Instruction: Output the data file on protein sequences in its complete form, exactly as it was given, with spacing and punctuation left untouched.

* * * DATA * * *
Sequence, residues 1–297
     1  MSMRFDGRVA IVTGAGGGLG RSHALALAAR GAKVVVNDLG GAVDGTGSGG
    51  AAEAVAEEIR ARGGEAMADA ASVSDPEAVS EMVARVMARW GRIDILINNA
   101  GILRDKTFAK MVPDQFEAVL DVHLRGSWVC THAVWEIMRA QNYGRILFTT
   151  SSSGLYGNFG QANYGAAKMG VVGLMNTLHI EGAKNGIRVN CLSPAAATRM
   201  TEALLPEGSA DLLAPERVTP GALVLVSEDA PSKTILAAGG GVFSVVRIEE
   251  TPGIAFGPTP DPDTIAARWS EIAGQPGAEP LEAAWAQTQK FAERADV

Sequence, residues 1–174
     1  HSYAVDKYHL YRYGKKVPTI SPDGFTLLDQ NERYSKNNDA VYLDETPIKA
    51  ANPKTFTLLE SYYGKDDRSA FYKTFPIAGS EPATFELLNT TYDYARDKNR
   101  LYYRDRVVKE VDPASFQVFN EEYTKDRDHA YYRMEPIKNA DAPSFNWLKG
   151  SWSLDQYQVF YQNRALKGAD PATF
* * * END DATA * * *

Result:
Sequence, residues 1–297
     1  MSMRFDGRVA IVTGAGGGLG RSHALALAAR GAKVVVNDLG GAVDGTGSGG
    51  AAEAVAEEIR ARGGEAMADA ASVSDPEAVS EMVARVMARW GRIDILINNA
   101  GILRDKTFAK MVPDQFEAVL DVHLRGSWVC THAVWEIMRA QNYGRILFTT
   151  SSSGLYGNFG QANYGAAKMG VVGLMNTLHI EGAKNGIRVN CLSPAAATRM
   201  TEALLPEGSA DLLAPERVTP GALVLVSEDA PSKTILAAGG GVFSVVRIEE
   251  TPGIAFGPTP DPDTIAARWS EIAGQPGAEP LEAAWAQTQK FAERADV

Sequence, residues 1–174
     1  HSYAVDKYHL YRYGKKVPTI SPDGFTLLDQ NERYSKNNDA VYLDETPIKA
    51  ANPKTFTLLE SYYGKDDRSA FYKTFPIAGS EPATFELLNT TYDYARDKNR
   101  LYYRDRVVKE VDPASFQVFN EEYTKDRDHA YYRMEPIKNA DAPSFNWLKG
   151  SWSLDQYQVF YQNRALKGAD PATF